“This has allowed us to improve the reliability of our health structures, assures Thomas Muyombo, of the Rwandan Biomedical Centre, the institution that manages blood stocks at the national level. Previously, hospitals spent a lot of money and time sending vehicles to collect blood in an emergency. It could take three or four hours. Drones do it in less than forty minutes. » According to researchers at the University of Pennsylvania, Zipline’s services have even drastically reduced deaths from postpartum hemorrhage among young mothers in hospitals nationwide.

“Health Uber”

The Covid-19 pandemic then gave a boost to its activities. In Rwanda, in full confinement, it delivers their treatment to cancer patients, then agricultural inputs. In Ghana, where it signed a four-year, $12.5 million deal, it is beginning to deliver coronavirus vaccines in partnership with Pfizer-BioNtech. And earned a reputation for “Health Uber” able to save lives.

On a continent where national budgets are very tight, one wonders if the millions paid to Zipline would not be better invested in the construction of roads, which constitute the most basic infrastructure. “, tempers Amaury de Féligonde, co-founder of the consulting firm Okan Partners and specialist in logistics in Africa. ” Is this really a solution for the future for African States and populations, or has Africa simply been a practical testing ground for society and an opportunity for States to appear modern? », he asks.

Read also: In Rwanda, containment accelerates the delivery of medicines by drones

Souvenirs “Made in Rwanda”

“Africa was a springboard for Zipline because of its relatively empty skies and weak regulations. The company sells a service, but there is also a dimension of knowledge data production,” analysis for his part Georges Macaire Eyenga, researcher at the Wits Institute for Social and Economic Research in South Africa who worked on Zipline’s activities in Ghana. He believes that it was the information collected on the thousands of kilometers traveled without incident by its drones on the continent that enabled the company to obtain, in June 2022, certification from the Federal Aviation Administration allowing it to carry out commercial flights over long distances in American skies.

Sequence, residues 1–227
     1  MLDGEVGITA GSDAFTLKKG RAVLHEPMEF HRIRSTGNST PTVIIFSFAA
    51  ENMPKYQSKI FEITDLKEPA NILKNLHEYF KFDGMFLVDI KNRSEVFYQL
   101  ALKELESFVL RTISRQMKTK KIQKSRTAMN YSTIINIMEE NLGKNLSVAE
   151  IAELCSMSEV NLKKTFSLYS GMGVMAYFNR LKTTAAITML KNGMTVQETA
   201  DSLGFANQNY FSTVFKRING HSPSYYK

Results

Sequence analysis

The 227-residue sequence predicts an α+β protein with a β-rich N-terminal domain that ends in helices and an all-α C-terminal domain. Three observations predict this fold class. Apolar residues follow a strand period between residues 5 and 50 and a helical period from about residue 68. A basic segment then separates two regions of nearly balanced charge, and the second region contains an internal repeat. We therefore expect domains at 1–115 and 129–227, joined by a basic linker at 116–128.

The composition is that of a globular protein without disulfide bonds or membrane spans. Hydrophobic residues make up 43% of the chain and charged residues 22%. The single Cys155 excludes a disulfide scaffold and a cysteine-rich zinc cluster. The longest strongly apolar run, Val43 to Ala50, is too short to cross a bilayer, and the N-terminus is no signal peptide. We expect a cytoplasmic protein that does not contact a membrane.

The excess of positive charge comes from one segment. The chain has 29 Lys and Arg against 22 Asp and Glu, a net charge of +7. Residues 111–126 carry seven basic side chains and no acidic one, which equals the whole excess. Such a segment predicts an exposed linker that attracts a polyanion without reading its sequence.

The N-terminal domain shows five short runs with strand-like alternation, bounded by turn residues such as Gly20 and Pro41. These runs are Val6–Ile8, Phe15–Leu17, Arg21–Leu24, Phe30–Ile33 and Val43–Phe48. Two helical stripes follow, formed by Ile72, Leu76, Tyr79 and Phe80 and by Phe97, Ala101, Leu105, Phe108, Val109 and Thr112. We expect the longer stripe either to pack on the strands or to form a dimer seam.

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A strategy that raises questions of value and control of this data, but also of sovereignty according to the researcher. “In Ghana, Zipline has information about the airspace, but also about the health system, of which it is now an integral part. It is a foreign private company that manages drug stocks and knows the order books of the majority of hospitals in the country,” he points out.

Read also: In Africa, drones at the service of precision agriculture

While Zipline now operates in a handful of US states through partnerships with private entities and in Japan, Rwanda remains its biggest customer. In December, Kigali signed a new $61 million agreement to extend drone delivery to all government entities as well as e-commerce and the tourism sector. Objective: operate 2 million instant deliveries in Rwanda by 2029 and deploy the new Zipline platform. While 40% of the Rwandan population lives below the poverty line, these new services will probably target a minority. Initially, they will allow, for example, tourists staying in luxury hotels far from the capital to order souvenirs “Made in Rwanda”.